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  1. #1
    nameless Guest

    Question adoption when father is unknown on birth certificate

    What is the name of your state? Georgia
    I was interested in finding out what steps I must take to have my husband whom I married this past March (2003) adopt my daughter. She is now 2 years old and at the time of her birth the biological father was not interested in being involved with either one of us and as I was unwed I had to mark the father unknown if he wasn't willing to sign a paper to acknowledge paternity. Now he is aware of my current situation and has agreed to do whatever it takes to help us out with an adoption, he has been aware of the baby and aloud to participate this whole time but did not want to do so. Do I need to have the biofather's rights terminated even though he is marked as unknown and if so what steps do I need to take to terminate them? How do I go about an adoption because now I live in Georgia but the baby was born in Pennsylvania and the biofather still resides there? Is there a waiting period before my husband can adopt her? Thank you for your time and I look forward to any advice someone might have for me.
  2. #2
    Seanscott is offline Member
    Join Date
    Feb 2002
    Location
    Indiana
    Posts
    725
    Paternity has to be established before any parental rights can be terminated. Biodad will have to take a DNA test. If it proves he is the father, he pays for the test. If not - the you pay for it.

    Have your husband file a petition to adopt in the county you currently live in. This will start the whole process of paternity & termination of rights.

    Usually the couple must be married for one year. By the time the process is complete, your year will be up, so file as soon as you want.

    You have a a classic case for a stepparent adoption and it should go well since the biodad doesn't want to fight. If your husband can pass a background check & home study, everything should go just fine.

    Best Wishes to you.
  3. #3
    nextwife is offline Senior Member
    Join Date
    Jan 2003
    Posts
    24,363
    It appears that there may be circumstances under which the non-married bio-father's consent is not required. See item 3 under "consent is not needed" which may apply. Obviously, if he is willing to consent and available, that is the easiest way.

    Here is a partial summary of the GA Adoption Statute:

    [url]http://www.adoptionsolutions.com/general/state%20laws/ga_law.htm[/url]


    Georgia Adoption Statute Summary

    Georgia Code Annotated Sections 19-8-1 to 19-8-26 (1998)

    Who Can Adopt?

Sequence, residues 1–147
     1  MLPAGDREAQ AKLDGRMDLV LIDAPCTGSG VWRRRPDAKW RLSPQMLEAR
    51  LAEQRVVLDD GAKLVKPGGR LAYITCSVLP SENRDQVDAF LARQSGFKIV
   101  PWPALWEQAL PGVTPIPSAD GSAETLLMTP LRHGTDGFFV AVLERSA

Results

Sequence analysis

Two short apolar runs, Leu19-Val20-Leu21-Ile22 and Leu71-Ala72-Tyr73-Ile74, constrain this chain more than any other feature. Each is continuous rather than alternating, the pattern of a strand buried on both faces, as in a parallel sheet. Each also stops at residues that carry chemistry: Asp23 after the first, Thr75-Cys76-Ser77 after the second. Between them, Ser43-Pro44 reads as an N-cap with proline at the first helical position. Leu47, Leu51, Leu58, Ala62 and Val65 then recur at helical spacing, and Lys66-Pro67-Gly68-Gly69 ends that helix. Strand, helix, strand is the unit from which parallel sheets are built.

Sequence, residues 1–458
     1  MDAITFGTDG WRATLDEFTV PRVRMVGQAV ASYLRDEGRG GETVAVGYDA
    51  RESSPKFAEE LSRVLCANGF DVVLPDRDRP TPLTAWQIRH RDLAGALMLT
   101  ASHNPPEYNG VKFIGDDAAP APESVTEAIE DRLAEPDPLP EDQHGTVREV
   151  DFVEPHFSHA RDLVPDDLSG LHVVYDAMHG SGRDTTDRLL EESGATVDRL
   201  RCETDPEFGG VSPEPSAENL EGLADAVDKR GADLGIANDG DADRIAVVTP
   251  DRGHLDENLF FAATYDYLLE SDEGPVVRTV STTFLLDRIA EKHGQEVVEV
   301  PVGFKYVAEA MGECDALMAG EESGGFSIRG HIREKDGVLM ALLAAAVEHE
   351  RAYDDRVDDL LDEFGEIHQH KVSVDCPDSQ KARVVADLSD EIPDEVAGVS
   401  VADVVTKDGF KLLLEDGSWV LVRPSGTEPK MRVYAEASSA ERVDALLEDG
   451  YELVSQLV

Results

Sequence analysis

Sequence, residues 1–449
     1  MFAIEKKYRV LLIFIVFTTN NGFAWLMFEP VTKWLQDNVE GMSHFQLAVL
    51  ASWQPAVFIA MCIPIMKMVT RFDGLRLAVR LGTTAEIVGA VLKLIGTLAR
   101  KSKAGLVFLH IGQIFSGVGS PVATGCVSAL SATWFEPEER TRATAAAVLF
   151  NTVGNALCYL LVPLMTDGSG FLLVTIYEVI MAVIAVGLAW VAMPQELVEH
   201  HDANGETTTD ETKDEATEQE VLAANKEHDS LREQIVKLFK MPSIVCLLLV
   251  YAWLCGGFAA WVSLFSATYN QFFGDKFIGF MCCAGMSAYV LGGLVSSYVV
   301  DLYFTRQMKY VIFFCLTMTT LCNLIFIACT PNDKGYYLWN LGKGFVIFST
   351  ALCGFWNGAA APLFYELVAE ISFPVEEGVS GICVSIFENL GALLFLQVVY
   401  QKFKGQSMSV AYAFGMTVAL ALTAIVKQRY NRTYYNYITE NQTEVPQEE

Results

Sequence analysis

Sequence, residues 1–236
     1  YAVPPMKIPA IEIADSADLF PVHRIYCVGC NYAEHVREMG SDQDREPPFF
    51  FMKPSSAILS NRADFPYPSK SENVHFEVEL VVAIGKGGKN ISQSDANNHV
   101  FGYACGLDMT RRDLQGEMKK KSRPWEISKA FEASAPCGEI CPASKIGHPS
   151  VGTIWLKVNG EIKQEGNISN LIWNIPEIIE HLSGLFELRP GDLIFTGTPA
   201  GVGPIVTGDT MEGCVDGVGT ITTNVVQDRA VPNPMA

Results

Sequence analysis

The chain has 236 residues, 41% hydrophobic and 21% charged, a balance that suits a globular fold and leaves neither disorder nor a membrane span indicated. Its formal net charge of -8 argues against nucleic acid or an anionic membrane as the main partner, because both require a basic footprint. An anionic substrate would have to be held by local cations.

Any adult person, including a foster parent, may adopt a child, if the person is at least 25 years old or is married and living with his or her spouse; is at least 10 years older than the child; has been a resident of the State for at least 6 months before filing to adopt; and is financially, physically, and
    mentally able to have permanent custody of the child.

    Married persons must adopt jointly, unless the person who wants to adopt is the stepparent, then that person can file to adopt alone.

    Who Can Be Adopted?
    Any person can be adopted.

    Consent to Adoption
    Consent must be given by

    1.
    the Department of Human Resources or child-placing agency after
    the parents have surrendered their rights to the child or have had their parental rights terminated by court order;

    2.
    both biological parents, when surrendering the child directly to a third party other than the Department or child-placing agency;

    3.
    the child, if 14 years of age or older; and

    4.
    both natural parents, if living, in the case of a stepparent adoption.

    Adult persons may be adopted by giving written consent to the adoption.

    A parent's consent is not required when the parent

    1.
    has abandoned the child or cannot be found;

    2.
    is incapacitated from giving up his/her rights to the child; or

    3.
    has for a period of 1 year or longer failed to communicate with or provide support for the child and the mother during her pregnancy, and the court has decided that adoption is in the child's best interest as a familial bond was not formed between the biological father and the child.

    If there is a biological father, who is not the legal father of the child, he may consent to the adoption if his whereabouts are known and he has not given up the child for adoption. He shall be notified that the mother has given up the child for adoption. He will be given 30 days to respond, otherwise his parental rights will be terminated and he cannot object to the adoption. If he asserts rights to the child, the court will assess those rights with respect to factors such as whether he has lived with, supported, or legitimated the child.

    If the biological, nonlegal father's whereabouts are unknown, the adoption agency will file a petition with the court to terminate his rights and allow the adoption to occur. The court will make the decision about whether the adoption should occur, based on the circumstances, e.g., whether the biological father established a familial bond with the child and whether the Department made reasonable efforts to locate the father. The parent who has consented to the adoption may withdraw consent by written notice within 10 days after consentinghas for a period of 1 year or longer failed to communicate with or provide support for the child and the mother during her pregnancy, and the court has decided that adoption is in the child's best interest as a familial bond was not formed between the biological father and the child
    Last edited by nextwife; 06-30-2003 at 09:28 AM.

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